• sistergirls – a term used by Aboriginal and Torres Strait Islander people to describe gender-diverse people that have a female spirit and take on female roles in the community.
  • brotherboys – a term used by Aboriginal and Torres Strait Islander people to describe gender-diverse people that have a male spirit and take on male roles in the community.

What gender affirmation is

Your employee may have used a term previously to describe themselves, such as man or woman.

Gender affirmation is a process your employee undertakes to change this way of describing themselves.

For example:

  • your employee has been known in the workplace as a man, but wants to affirm their gender as a woman or trans woman
  • your employee has been known in the workplace as a woman but wants to affirm their gender as a man or trans man
  • your employee has been known in the workplace as a man or woman, but wants to affirm their gender as non-binary, gender-diverse or another description.

Some people may refer to gender affirmation as gender transition. Or others may find the term ‘gender affirmation’ too strong and prefer a term like ‘exploring their gender’.

The gender affirmation process is one of self-identification that must be led by your employee.

If they discuss their gender with you, never question the authenticity of what they’re saying. They’ve likely thought about this for a long time.

Your employee’s gender affirmation may also not have a clear start or end point. Their gender expression may change over time.

Your employee may go through physical, emotional, legal, medical and social changes. And they can be positively or negatively affected by the way others react to these changes.

This can be a time of celebration, but it may also come with apprehension and anxiety.

Intersectionality and gender affirmation

The LGBTIQ+ inclusive language guide describes intersectionality as:

“how different parts of a person’s identity or circumstances – such as age, race, culture, disability, gender, location or religion – intersect and combine to shape people’s life experiences, including of discrimination.”

With gender affirmation, your employee’s experience may intersect with other parts of their identity.

This means they may talk about gender differently to others or what we’ve written in this guide. And depending on their culture, your employee may express gender in a variety of ways.

Their intersectional identity may also create different layers and types of discrimination or disadvantage for them.

Work with your employee to understand how other parts of their identity may impact their affirmation.

For example, your employee may:

  • have a disability and need workplace adjustments
  • be Aboriginal and/or Torres Strait Islander and have unique cultural impacts
  • be from a religious background that disapproves of their gender affirmation and face additional discrimination.


Pronouns are words like ‘she’, ‘he’ and ‘they’ or something different. Your employee may change their pronouns to match their gender.

If you’re unsure about someone’s pronouns, use the gender-neutral terms ‘they’ and ‘them’ or the person’s name until you have a chance to confirm with them privately.

To support inclusive pronoun use, you can:

  • use your employee’s pronouns to reinforce them to others
  • encourage other employees to put their pronouns in their email signatures, video call IDs or messaging handles to show their support.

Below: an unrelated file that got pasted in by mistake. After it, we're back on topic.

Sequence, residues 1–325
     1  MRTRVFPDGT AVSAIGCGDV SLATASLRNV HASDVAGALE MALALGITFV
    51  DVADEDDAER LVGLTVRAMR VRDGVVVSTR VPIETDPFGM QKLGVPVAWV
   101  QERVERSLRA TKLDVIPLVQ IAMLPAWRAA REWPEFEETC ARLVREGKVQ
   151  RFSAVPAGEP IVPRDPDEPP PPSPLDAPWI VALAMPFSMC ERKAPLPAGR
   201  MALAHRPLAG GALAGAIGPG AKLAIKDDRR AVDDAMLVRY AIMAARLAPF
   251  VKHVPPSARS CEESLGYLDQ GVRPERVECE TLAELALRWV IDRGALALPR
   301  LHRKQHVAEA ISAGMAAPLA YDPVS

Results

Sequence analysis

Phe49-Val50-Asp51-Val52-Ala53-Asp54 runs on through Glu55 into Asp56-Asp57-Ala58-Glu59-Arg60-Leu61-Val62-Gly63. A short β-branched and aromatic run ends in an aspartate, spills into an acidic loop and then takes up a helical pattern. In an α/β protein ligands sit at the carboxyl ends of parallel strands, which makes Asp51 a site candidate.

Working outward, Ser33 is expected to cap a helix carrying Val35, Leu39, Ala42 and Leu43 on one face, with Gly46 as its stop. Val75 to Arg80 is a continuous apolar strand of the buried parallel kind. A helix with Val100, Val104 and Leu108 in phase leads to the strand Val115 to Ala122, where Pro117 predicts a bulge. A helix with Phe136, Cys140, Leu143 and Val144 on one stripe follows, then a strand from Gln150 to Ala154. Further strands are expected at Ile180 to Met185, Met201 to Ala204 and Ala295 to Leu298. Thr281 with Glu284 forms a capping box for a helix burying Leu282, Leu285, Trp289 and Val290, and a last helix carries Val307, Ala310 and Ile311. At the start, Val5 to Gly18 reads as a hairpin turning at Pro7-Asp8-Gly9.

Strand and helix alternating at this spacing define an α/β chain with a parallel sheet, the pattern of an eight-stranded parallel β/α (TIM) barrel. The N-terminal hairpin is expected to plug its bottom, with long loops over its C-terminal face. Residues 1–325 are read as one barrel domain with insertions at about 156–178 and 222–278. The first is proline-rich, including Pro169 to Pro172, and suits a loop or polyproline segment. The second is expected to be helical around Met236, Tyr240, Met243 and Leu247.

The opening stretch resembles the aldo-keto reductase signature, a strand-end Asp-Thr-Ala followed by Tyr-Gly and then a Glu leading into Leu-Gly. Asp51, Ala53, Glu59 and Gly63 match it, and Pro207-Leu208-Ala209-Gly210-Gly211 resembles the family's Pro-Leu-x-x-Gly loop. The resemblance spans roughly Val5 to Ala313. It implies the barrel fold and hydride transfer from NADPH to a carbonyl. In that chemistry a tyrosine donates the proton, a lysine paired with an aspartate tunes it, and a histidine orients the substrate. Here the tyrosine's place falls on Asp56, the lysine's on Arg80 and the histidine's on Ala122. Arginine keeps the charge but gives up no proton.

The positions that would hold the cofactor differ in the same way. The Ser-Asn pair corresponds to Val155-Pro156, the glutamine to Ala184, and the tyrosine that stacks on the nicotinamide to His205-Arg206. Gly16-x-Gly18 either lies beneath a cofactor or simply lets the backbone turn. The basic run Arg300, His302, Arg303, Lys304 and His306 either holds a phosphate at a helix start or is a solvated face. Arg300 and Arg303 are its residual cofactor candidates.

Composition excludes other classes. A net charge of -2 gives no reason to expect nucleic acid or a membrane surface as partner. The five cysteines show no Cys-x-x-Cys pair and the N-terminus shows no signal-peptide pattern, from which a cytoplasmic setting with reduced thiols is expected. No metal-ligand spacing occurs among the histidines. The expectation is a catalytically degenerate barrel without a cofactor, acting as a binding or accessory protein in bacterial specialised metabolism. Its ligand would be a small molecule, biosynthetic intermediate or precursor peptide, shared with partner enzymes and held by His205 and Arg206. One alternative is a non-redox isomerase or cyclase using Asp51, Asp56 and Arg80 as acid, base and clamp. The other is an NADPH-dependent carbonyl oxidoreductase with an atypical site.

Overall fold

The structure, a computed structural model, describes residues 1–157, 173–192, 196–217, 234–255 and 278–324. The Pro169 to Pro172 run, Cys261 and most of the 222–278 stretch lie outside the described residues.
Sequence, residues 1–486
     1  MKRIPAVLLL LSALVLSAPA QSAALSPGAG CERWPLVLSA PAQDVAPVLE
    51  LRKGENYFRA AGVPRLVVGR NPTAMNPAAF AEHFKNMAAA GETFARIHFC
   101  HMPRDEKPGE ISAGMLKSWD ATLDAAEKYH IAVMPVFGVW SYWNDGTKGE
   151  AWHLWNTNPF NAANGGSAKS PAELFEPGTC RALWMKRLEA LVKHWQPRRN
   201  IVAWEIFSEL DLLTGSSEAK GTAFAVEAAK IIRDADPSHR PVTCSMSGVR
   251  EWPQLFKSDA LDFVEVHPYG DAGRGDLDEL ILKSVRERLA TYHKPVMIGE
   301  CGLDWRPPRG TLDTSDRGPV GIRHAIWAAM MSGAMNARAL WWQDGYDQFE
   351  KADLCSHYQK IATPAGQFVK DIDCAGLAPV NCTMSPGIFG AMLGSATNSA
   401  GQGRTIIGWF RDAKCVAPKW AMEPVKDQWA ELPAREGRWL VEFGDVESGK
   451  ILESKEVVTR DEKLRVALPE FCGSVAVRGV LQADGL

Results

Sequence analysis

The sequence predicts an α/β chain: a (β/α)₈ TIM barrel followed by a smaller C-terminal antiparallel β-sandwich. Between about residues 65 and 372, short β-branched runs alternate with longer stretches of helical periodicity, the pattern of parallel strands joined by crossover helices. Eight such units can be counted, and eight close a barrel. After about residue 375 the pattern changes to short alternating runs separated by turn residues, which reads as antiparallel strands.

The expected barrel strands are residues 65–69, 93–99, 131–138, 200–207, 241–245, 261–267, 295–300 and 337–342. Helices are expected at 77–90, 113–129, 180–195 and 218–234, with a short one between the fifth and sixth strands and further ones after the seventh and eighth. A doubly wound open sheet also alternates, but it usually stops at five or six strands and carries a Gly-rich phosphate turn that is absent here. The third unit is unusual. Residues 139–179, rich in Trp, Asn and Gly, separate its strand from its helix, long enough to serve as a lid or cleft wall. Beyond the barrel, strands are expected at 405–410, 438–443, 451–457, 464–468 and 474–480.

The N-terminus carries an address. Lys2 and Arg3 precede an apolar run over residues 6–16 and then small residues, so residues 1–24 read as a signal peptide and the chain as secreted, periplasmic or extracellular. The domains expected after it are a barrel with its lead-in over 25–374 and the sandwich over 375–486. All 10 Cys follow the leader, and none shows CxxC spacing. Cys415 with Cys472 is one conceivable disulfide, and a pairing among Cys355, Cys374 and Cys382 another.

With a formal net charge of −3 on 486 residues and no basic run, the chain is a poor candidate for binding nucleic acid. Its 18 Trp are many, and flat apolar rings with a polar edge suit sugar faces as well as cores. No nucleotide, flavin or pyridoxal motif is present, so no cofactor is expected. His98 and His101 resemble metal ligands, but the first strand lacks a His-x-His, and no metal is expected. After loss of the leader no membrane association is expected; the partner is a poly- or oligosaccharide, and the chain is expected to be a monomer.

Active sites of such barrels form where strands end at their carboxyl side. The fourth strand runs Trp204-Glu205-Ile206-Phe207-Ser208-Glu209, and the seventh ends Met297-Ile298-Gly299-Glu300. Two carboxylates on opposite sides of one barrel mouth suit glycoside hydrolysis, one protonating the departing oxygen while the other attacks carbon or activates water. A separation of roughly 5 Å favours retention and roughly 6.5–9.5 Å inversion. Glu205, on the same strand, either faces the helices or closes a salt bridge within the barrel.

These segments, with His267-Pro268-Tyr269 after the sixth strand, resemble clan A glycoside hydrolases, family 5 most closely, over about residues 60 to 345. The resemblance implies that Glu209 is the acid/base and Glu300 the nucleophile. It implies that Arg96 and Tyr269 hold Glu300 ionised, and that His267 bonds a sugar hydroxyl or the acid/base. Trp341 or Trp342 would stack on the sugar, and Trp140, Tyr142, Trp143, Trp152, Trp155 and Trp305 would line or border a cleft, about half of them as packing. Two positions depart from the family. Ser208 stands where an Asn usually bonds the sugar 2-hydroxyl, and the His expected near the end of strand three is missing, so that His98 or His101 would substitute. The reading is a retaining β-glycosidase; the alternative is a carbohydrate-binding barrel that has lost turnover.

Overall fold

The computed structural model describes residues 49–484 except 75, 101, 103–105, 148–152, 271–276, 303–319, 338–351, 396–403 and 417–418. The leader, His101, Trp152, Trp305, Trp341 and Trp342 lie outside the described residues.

Misgendering or using the wrong name

Misgendering is when we use language that doesn’t match someone’s gender.

If your employee changes their name, some people may use their old name (also known as ‘deadnaming’, a term describing use of a person’s former name without their consent).

Misgendering or using the wrong name is usually something we do by mistake as we adjust to changes in names and pronouns.

It’s okay to make mistakes! This will happen as everyone adjusts to the new changes. But these mistakes can be stressful and upsetting for your employee as they affirm their gender. Persistent misgendering may be a form of discrimination or bullying.

If you or someone in your team misgenders or uses your employee’s wrong name:

  • acknowledge the mistake and move on – use their correct gender or name at the next opportunity
  • don’t dwell on it – this may make your employee feel more uncomfortable
  • try to avoid making the same mistake again.

A great way to practice a new name or pronoun is to always use it, even when the person isn’t present.

Creating a supportive environment

Organisations and managers have a responsibility to ensure trans, gender-diverse and non-binary employees have a supportive environment to work in.

And while many organisations want to support trans, gender-diverse and non-binary employees, they don’t always know how to.

Here is a list of ideas you or your organisation can implement.

As every organisation is different, check who is responsible to lead these in your workplace.

Tips for managers

  • Remind your team of the behaviours expected of them to support a workplace free from discrimination for your employee affirming their gender.
  • Use gender-neutral language in your verbal and written materials.
  • Celebrate LGBTIQ+ days of significance for trans, gender-diverse and non-binary people, including providing funding for events.
  • Organise LGBTIQ+ inclusion and ally training for your team that includes trans, gender-diverse and non-binary perspectives.
  • Ensure trans, gender-diverse and non-binary people have career progression opportunities and pathways.
  • Make supporting diverse employees (including trans, gender-diverse and non-binary employees) part of performance development plans or KPIs.